MEC702_Wk_3_Lect_3 - MEC702 Wk 3 Lect 3 Separable ODEs...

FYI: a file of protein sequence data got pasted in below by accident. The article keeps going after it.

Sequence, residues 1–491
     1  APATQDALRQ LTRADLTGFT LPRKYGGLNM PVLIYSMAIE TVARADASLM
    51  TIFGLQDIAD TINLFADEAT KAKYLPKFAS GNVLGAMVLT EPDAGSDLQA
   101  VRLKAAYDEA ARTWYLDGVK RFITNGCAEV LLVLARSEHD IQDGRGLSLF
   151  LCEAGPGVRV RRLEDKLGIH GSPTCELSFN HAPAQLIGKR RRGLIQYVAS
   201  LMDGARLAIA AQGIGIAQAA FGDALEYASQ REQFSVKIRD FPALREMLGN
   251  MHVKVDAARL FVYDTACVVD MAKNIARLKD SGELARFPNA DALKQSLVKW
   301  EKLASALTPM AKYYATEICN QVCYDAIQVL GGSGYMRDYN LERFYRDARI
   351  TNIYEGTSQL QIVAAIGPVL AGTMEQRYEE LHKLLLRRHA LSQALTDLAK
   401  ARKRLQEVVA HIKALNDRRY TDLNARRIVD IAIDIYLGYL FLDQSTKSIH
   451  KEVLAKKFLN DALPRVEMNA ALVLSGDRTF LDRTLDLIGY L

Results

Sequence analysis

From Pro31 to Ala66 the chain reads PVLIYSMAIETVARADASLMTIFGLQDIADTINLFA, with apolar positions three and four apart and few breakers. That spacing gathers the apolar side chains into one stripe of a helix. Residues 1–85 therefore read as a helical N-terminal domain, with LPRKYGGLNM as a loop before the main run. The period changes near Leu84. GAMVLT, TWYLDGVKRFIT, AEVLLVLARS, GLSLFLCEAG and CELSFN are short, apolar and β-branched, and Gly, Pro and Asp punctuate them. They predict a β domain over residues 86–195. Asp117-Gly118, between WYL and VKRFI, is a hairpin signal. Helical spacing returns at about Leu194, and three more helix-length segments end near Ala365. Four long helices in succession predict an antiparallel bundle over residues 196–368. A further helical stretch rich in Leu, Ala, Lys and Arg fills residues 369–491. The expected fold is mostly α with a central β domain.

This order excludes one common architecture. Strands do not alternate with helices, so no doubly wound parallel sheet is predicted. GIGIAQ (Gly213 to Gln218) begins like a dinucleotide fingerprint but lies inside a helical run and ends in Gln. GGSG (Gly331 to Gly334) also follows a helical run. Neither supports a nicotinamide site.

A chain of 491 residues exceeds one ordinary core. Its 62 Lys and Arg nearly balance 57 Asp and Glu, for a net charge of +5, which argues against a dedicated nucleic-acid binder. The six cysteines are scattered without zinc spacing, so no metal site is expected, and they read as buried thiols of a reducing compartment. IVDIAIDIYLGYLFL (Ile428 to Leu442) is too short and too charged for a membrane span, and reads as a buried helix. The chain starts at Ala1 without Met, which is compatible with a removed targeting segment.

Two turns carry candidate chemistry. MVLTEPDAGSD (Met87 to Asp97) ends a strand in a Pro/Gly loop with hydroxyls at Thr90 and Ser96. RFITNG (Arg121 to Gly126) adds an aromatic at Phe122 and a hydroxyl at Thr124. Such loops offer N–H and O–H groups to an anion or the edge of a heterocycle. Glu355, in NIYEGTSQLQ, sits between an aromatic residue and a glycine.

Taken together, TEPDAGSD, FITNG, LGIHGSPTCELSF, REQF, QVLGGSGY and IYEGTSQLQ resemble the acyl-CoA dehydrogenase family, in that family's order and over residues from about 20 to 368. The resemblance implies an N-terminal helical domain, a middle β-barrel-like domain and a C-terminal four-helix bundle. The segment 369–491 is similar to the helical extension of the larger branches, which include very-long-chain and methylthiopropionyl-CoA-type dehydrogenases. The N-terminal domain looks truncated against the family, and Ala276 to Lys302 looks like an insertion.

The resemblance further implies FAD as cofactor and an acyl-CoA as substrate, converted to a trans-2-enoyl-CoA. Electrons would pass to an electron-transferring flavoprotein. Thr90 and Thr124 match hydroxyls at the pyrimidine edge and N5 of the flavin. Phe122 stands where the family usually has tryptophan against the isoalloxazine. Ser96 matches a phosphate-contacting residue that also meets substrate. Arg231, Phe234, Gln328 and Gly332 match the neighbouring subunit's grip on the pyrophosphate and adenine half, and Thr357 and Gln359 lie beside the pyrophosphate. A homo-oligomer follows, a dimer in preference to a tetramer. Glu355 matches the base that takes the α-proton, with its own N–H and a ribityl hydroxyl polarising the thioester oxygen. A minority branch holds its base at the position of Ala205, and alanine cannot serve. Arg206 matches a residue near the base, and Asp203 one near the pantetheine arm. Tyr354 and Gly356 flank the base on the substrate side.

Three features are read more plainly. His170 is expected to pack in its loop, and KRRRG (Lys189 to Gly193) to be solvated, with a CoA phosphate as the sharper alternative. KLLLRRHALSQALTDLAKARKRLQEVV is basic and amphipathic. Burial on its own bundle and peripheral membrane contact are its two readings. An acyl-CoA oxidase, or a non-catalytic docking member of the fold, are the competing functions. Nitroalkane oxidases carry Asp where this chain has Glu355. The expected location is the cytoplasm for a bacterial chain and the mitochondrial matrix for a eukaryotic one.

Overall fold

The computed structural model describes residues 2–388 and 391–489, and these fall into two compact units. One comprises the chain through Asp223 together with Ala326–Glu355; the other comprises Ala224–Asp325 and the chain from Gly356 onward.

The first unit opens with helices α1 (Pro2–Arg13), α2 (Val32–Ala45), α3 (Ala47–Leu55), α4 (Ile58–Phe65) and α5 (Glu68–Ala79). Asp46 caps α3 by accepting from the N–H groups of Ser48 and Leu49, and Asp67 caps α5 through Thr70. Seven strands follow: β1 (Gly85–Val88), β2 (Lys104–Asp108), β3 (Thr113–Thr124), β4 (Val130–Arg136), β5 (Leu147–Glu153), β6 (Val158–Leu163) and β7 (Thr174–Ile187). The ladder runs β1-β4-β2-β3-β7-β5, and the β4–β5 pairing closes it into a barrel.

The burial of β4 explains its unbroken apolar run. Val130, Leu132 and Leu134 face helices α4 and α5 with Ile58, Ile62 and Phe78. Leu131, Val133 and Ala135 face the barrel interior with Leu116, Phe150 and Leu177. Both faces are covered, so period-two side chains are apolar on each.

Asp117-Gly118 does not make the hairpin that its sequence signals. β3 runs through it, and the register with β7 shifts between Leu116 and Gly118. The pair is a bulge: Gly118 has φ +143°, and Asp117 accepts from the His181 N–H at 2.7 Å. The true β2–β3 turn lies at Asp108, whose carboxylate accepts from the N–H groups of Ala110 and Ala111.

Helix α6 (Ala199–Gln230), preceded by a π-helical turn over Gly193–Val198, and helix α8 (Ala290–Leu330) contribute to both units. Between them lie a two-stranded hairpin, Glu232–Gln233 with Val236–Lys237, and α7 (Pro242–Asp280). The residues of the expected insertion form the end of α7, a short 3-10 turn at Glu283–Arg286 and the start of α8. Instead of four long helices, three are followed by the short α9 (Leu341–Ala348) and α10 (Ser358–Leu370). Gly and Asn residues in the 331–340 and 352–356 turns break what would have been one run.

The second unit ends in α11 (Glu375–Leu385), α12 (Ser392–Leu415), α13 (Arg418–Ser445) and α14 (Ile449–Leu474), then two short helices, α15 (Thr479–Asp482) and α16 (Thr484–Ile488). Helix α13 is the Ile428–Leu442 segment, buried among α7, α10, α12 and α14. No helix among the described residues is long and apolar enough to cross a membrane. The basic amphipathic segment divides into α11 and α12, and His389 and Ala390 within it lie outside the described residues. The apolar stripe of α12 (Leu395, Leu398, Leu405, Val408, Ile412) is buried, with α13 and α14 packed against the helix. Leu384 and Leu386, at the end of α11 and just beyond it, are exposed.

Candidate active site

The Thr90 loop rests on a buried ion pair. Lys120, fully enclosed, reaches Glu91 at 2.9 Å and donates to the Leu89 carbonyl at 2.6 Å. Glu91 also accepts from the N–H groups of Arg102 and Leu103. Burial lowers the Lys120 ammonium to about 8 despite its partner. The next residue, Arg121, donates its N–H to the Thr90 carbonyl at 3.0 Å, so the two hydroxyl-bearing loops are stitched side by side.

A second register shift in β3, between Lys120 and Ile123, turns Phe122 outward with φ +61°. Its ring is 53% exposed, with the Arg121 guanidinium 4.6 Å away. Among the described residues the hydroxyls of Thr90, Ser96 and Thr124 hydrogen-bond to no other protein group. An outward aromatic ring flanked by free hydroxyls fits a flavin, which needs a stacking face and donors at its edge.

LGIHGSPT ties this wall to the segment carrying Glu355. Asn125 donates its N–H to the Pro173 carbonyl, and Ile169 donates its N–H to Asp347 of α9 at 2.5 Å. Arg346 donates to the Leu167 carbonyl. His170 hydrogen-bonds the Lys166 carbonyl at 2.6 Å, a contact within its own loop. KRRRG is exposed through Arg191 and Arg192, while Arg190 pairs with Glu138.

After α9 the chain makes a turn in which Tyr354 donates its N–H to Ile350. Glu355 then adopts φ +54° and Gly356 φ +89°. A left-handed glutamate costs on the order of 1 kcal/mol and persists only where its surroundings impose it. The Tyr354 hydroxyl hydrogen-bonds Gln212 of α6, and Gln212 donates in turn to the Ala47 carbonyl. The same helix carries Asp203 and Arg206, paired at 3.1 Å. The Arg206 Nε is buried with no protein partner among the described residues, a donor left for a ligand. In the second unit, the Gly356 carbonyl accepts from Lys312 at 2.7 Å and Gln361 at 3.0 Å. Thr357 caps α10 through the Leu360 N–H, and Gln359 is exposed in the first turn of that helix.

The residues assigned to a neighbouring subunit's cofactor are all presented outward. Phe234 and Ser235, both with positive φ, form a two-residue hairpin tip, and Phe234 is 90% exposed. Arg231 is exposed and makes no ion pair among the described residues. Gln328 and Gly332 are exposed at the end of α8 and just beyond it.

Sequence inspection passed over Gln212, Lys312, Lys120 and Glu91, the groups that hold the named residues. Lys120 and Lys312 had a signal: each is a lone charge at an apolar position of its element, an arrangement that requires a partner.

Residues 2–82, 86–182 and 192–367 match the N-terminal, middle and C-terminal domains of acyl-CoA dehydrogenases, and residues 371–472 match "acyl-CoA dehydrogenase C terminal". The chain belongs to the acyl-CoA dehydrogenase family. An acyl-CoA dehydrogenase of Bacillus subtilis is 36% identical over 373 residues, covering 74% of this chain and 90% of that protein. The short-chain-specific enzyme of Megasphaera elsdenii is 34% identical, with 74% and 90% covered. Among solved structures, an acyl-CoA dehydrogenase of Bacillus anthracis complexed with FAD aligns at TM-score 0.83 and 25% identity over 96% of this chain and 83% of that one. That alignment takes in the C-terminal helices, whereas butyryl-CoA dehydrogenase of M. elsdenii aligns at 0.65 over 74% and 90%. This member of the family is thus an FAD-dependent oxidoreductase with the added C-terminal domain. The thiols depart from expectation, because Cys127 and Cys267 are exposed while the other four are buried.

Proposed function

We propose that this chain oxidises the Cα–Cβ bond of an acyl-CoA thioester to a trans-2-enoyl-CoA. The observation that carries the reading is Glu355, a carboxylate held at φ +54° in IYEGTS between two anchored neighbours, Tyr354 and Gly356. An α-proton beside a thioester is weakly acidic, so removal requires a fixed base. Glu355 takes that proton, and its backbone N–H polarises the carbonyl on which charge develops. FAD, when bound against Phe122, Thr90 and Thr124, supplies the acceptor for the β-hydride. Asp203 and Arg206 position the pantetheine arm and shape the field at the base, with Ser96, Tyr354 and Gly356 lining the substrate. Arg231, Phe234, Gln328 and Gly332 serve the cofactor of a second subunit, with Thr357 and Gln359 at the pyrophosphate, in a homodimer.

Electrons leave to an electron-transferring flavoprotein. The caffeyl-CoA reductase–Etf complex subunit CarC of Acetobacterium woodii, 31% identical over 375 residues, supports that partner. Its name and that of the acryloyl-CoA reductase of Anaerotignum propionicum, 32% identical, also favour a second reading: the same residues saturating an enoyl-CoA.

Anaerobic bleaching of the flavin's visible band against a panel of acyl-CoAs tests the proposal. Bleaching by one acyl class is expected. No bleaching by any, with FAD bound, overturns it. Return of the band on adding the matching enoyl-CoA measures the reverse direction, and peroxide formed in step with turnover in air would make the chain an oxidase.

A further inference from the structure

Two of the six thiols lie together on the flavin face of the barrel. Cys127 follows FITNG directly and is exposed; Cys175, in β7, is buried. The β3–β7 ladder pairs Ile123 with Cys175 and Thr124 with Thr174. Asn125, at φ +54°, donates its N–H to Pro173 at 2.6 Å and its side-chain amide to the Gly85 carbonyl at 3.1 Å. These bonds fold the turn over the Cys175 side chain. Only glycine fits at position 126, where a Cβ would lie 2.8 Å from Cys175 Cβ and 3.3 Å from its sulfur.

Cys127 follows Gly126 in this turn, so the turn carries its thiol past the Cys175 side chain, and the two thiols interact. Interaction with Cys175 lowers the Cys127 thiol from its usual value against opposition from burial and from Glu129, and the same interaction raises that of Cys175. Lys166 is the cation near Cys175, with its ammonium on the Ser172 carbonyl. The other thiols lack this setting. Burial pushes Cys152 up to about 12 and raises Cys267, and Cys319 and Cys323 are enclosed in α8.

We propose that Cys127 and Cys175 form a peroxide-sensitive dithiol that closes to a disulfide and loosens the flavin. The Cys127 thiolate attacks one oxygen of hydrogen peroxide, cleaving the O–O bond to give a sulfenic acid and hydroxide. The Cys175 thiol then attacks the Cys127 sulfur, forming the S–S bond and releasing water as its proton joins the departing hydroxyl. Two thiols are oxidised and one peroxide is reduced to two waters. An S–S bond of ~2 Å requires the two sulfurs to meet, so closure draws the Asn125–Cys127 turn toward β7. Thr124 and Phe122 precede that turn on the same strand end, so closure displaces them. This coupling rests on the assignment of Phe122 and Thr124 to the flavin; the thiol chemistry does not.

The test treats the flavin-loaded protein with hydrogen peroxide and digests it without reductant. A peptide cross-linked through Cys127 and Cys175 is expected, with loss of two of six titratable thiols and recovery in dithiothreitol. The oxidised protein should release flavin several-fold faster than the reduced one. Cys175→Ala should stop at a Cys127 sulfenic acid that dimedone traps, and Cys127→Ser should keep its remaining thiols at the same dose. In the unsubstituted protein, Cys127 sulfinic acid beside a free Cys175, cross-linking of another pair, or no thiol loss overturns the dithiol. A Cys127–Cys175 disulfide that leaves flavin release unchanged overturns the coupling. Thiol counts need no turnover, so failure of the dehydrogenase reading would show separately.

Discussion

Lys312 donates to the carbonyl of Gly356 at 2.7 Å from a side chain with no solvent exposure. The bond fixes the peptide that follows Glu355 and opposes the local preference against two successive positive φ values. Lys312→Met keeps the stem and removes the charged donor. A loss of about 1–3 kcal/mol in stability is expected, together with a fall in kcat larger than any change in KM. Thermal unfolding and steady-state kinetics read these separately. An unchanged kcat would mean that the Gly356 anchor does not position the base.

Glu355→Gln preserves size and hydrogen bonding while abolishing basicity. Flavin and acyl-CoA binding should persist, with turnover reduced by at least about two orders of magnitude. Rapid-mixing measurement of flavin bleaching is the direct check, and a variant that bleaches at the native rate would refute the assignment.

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Unformatted text preview: MEC702 Wk 3 Lect 3 Separable ODEs. Modeling. Separable ODEs Many ODEs can be reduced to the form g(y)y 0 = f (x) by purely algebraic manipulations. Then integrate both sides with respect to x to obtain ˆ ˆ g(y)dy = g(x)dx + c . This method of solving ODEs is called method of separating variables and the equation above is called a separable equation, because the variables are now separated. Example. The ODE y 0 = 1 + y 2 is separable because dy dy = 1 + y 2 =⇒ = dx. dx 1 + y2 Hence, ˆ dy 1 + y2 tan−1 y y ˆ = dx = x+c = 1 tan(x + c). Example. Mixing Problem (Modeling) Tank contains 1000 gal of water in which initially 100 lb of salt is dissolved. Brine runs in at a rate of 10 gal/min and each gallon contains 5 lbs of dissolved salt. Mixture in the tank is kept uniform by stirring. Brine runs out at 10 gal/min. Find the amount of salt in the tank at any time t. Solution. Step 1: Setting up a model. Let y(t) = amount of salt in the tank at time t. Then the time rate of change is y 0 = Salt inow rate − Salt outow rate from Balance Law. So inow: outow: Our model is the ODE Step 2: Solution of the model. ODE is separable, so 5lb × 10gal = 50lb of salt. 10 = 0.01 or 1% of 10gal brine which is 1000 total brine content in the tank, i.e., 0.01y(t). y 0 = 50 − 0.0y = −0.01(y − 5000). ˆ ˆ dy = −0.01dt y − 5000 ln |y − 5000| = −0.01t + c∗ y 5000 + Ae−0.01t . = Initially, the tank contains 100lb of salt so y(0) = 100 is the initial condition. Thus, 100 = 5000 + ce0 =⇒ c = −4900. Hence, the amount of salt in the tank at time t is y(t) = 5000 − 4900e−0.01t . 2 Reduction to Separable Form Some ODEs are nonseparable but with careful transformation (i.e., substitution) they become separable. We look at the class of ODEs of the form y0 = f y x , where f is any dierential function of xy . Set u = xy . Then y = ux y 0 = u0 x + u . =⇒ Upon substitution, we have y0 = u0 x + u = du x = dx 1 du = f (u) − u f y x f (u) f (u) − u 1 dx x which is separable!!! Example. Given 2xyy 0 = y0 = y0 = y 2 − x2 y 2 − x2 2xy   1 y 1 x − 2 x 2 y Now substitute y = ux and y 0 = u0 x + u and then simplify to get u0 x + u = u0 x Then = u 1 − 2 2u −u2 − 1 . 2u ˆ ˆ 2u 1 du = − dx 1 + u2 x 1  ln 1 + u2 = − ln |x| + c∗ = ln + c∗ x c 2 1+u = x  y 2 c 1+ = x x x2 + y 2 = cx    c 2 c 2 x− + y2 = 2 2 a family of circles passing through the origin centering at the x-axis. 3 (1) Exact ODE's. Integrating Factors. Dierential Note that for a function y = f (x), its derivative dy = f 0 (x) dx is its total derivative. What about for functions z = f (x, y)? We have partial derivatives fx (x, y) = ∂f ∂x fy (x, y) = ∂f . ∂y and And its total derivative is dened using both of the partial derivatives df = ∂f ∂f dx + dy ∂x ∂y (2) It follows from this that if f (x, y) = c a constant, then du = 0. Example. If then f = x + x2 y 3 = c,   du = 1 + 2xy 3 dx + 3x2 y 2 dy = 0 or y0 = dy 1 + 2xy 3 =− , dx 3x2 y 2 an ODE we can solve by going backwards!!! Exactness A rst-order ODE M (x, y) + N (x, y)y 0 = 0 is also written as M (x, y)dx + N (x, y)dy = 0 is also called an exact dierential equation if its left side M (x, y)dx + N (x, y)dy is exact, i.e., it forms exactly the total dierential df = ∂f ∂f dx + dy ∂x ∂y of some function f (x, y). Hence Equation (3) can be rewritten as df = 0. Then by integration, we obtain a general solution of Equation (3) in the form f (x, y) = c. 4 (3) Implicit Solution and Contours f (x, y) = c This is called an implicit solution. (Note that the solution of the form y = h(x) is an explicit solution.) The graphs of f (x, y) = c are contour lines. Derivation of the Exactness Condition Comparing (2) and (3), we see that the ODE is exact when M= ∂f ∂x N= ∂f , ∂y but we do not know the function f (x, y) to use these conditions. (Equality of Partial Derivatives) Let f (x, y) be a function with continuous partial derivaand ∂f ∂y . Then Theorem. tives ∂f ∂x ∂ ∂x  ∂f ∂y  = ∂ ∂y  ∂f ∂x  Using the theorem from Multivariable Calculus given above, we obtain ∂N ∂M = ∂x ∂y which we will use from here onwards as the condition for an exact ODE. Finding f (x, y) for Exact ODE There are two ways of nding f (x, y) for an Exact ODE: 1. Integrating M = ∂f ∂x with respect to x yields ˆ f (x, y) = M dx + k(y) where k(y) is a hidden function in terms of y which we haven't found yet. To obtain k(y), we nd ∂f ∂y and equate ∂f ∂y N= to nd k0 (y). The integrating k0 (y), we nd the hidden function k(y). 2. Integrating N = ∂f ∂y with respect to y yields ˆ f (x, y) = N dy + h(x) where h(x) is a hidden function in terms of x which we haven't found yet. To obtain h(x), we nd ∂f ∂x and equate M= ∂f ∂x to nd h0 (x). The integrating h0 (x), we nd the hidden function h(x). 5 (4) Example. Consider 0 = cos(x + y)dx + (3y 2 + 2y + cos(x + y))dy. Step 1: Test for Exactness. We notice from Equation (3) that M = cos(x + y) N = 3y 2 + 2y + cos(x + y). Then checking for exactness (4): ∂M ∂y ∂N ∂x = − sin(x + y) = − sin(x + y). Hence ODE is exact. Step 2: Implicit General Solution. By integration, ˆ f = M dx + k(y) ˆ = = cos(x + y)dx + k(y) sin(x + y) + k(y). By partial dierentiation with respect to y and knowing that it is equal to N . N = ∂f dk = cos(x + y) + ∂y dy Hence, dk dy y Therefore, = 3y 2 + 2y = y 3 + y 2 + c∗ . f (x, y) = sin(x + y) + y 3 + y 2 = c. Step 3: Checking an Implicit Solution. By dierentiation, we check f (x, y) = c implicitly to see whether it leads to the given ODE. df = 0 = ∂f ∂f dx + dy ∂x ∂y   [cos(x + y)] dx + (3y 2 + 2y + cos(x + y)) dy. 6...
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